An excellent case study comes from Loews Hotels & Resorts. The company launched an Instagram campaign using the #TravelForReal hashtag to gain feedback on customer satisfaction and to engage with past and future guests. Then, they used user-generated photos in ads that portrayed “real-life images of actual guest experiences.” While this was a planned marketing campaign, the movement gained momentum and triggered thousands of shares, followers, and mentions. This is a great example of how hoteliers can engage guests where they are. Instagram, which is owned by Facebook, is a busy social sharing network with strong appeal to millennials: “59% of those between the ages of 18 and 24 active on the social platform and 54% of those aged 25 to 34 using the photo-sharing platform on a regular basis,” Investopedia reports.
The Loews Hotels & Resorts case study reveals that people like companies that listen, and they enjoy engaging to express their likes, dislikes, concerns, and needs.
While images are fun and have a higher potential of going viral than text, for sites to rank the written word remains king. But what type of texts should you publish: long or short?
A case for long content
There’s enough data to suggest that lengthy content ranks better than short content, but also that lengthy content gets shared more than short content – “specifically, 3,000-10,000 word content gets the most average shares (8,859),” as a BuzzSumo study revealed.
Avarage shares by content length. From: https://okdork.com
Besides, Google loves “in-depth” articles. In fact, they rolled in-depth articles on Google in 2013. Yet few site owners in hospitality bothered to follow suit. That’s because lengthy-content is hard to produce: it requires time, research, and skill. It often involves money too: established businesses hire professional writers to create this type of content. But take a look at the Four Seasons Magazine to see how hotels can use their blogs to generate shareable lengthy-content that ranks.
Avarage shares by content type. From: https://backlinko.com
Generally, hotels spend fortunes on ads and metasearch, often ignoring the long-term benefits of producing evergreen content. While chains can afford to rely only on advertising, SEO is essential for small hotels.
A blog is still the right vehicle for fresh content with a potential for going viral. Hotels would typically publish here destination guides and tips for travelers rather than stories promoting hotel services and offers. And travel articles can go a long way, provided that they offer compelling information and a generous number of awe-inspiring images because images lead to more shares. There’s no doubt that pictures are the rising star of the Internet.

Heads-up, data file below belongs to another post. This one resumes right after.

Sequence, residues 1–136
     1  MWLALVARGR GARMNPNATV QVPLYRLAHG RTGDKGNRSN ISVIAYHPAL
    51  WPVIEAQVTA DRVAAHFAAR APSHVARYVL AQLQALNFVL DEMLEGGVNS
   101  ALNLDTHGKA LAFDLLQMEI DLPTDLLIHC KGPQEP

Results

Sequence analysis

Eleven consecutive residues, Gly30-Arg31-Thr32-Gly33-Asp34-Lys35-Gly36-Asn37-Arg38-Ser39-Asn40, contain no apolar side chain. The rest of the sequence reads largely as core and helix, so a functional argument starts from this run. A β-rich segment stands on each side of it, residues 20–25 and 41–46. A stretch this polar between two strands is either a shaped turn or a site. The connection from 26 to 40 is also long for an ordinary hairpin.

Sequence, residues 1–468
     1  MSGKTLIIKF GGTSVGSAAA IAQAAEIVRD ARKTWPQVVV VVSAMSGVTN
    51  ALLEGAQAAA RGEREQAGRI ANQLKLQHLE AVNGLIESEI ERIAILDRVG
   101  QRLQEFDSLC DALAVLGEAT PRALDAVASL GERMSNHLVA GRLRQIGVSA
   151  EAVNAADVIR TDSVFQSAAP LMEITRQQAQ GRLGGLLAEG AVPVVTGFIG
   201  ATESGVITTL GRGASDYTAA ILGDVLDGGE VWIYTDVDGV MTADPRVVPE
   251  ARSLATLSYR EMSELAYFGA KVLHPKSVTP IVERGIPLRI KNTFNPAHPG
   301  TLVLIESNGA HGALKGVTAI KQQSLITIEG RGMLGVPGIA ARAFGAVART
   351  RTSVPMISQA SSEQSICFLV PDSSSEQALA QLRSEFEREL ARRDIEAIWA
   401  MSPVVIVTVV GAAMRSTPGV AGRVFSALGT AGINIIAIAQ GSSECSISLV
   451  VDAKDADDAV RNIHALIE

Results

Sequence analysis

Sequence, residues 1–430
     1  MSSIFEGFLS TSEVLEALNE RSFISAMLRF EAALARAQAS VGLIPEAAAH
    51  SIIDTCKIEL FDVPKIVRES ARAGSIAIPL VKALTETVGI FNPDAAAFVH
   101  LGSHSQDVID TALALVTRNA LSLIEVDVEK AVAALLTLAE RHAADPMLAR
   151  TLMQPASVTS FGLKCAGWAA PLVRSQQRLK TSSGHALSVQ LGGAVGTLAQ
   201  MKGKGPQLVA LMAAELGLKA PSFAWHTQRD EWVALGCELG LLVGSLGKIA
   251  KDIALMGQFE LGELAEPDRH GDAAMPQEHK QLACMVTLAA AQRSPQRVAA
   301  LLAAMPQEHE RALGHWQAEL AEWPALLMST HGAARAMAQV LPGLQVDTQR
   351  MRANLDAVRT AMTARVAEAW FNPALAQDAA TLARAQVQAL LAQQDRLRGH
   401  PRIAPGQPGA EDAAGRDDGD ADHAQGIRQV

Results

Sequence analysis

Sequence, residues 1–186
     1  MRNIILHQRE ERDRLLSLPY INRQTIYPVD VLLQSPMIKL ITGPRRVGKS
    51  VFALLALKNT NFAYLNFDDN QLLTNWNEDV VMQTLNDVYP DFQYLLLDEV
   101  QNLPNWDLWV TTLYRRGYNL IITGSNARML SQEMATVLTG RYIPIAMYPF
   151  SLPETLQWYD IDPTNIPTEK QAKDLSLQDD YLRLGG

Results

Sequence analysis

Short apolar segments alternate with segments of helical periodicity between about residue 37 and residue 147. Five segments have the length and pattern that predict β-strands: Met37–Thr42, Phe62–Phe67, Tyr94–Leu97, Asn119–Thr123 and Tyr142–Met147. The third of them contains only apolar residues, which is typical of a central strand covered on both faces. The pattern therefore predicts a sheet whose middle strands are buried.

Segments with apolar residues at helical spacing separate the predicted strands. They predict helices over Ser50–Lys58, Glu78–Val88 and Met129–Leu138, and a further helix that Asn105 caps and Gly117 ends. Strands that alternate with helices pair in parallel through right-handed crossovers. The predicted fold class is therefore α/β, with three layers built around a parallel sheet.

According to BuzzSumo, articles with an image once every 75-100 words get two times more shares than articles with fewer images. Also, according to many marketers, picture lists are another type of well-performing viral content.
And there’s a simple explanation to why posts with images are the preferred type of content:
“Hear a piece of information, and three days later you'll remember 10% of it. Add a picture, and you'll remember 65%,” explains John Medina in Brain Rules. “Pictures beat text as well, in part because reading is so inefficient for us. Our brain sees words as lots of tiny pictures, and we have to identify certain features in the letters to be able to read them.”
Besides how-to posts, lists, in general, have a lower bounce rate than other post types. There’s science in creating a list too: some say odd numbers get more shares, while others recommend even numbers. There’s also the “rule of 10” which seems to be favored by many publishers. Choose what works for you and provide the best content you can to inspire your readers.
Infographics are shared three times more than other content. They work because they “turn a boring or complicated subject into a captivating experience.” Many marketers still recommend using infographics to boost SEO too, but they work best for rankings when combined with other elements – including a lengthy text.
information. You also need to appeal to people’s emotions with witty headlines and compelling visuals. Image-rich posts will gain more shares than posts that rely too heavily on text.
To reap SEO benefits, ideally host your content on your own domain, but you can also try a reputed website in your industry to distribute branded content like infographics. This is a step useful for public relations campaigns.